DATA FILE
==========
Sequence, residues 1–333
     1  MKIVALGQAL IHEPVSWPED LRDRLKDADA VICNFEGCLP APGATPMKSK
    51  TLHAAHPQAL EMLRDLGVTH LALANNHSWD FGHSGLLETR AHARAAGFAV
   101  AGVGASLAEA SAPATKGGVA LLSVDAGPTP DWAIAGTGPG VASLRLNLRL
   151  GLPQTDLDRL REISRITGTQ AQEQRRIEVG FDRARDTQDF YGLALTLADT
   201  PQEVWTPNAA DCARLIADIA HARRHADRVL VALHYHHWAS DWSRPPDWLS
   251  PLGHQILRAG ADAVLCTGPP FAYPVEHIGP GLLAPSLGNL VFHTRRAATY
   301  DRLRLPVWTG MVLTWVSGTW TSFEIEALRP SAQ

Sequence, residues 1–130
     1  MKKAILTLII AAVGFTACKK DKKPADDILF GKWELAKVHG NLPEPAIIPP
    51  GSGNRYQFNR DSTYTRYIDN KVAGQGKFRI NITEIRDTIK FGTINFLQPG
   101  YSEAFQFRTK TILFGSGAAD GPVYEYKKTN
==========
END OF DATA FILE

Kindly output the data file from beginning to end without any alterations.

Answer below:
Sequence, residues 1–333
     1  MKIVALGQAL IHEPVSWPED LRDRLKDADA VICNFEGCLP APGATPMKSK
    51  TLHAAHPQAL EMLRDLGVTH LALANNHSWD FGHSGLLETR AHARAAGFAV
   101  AGVGASLAEA SAPATKGGVA LLSVDAGPTP DWAIAGTGPG VASLRLNLRL
   151  GLPQTDLDRL REISRITGTQ AQEQRRIEVG FDRARDTQDF YGLALTLADT
   201  PQEVWTPNAA DCARLIADIA HARRHADRVL VALHYHHWAS DWSRPPDWLS
   251  PLGHQILRAG ADAVLCTGPP FAYPVEHIGP GLLAPSLGNL VFHTRRAATY
   301  DRLRLPVWTG MVLTWVSGTW TSFEIEALRP SAQ

Sequence, residues 1–130
     1  MKKAILTLII AAVGFTACKK DKKPADDILF GKWELAKVHG NLPEPAIIPP
    51  GSGNRYQFNR DSTYTRYIDN KVAGQGKFRI NITEIRDTIK FGTINFLQPG
   101  YSEAFQFRTK TILFGSGAAD GPVYEYKKTN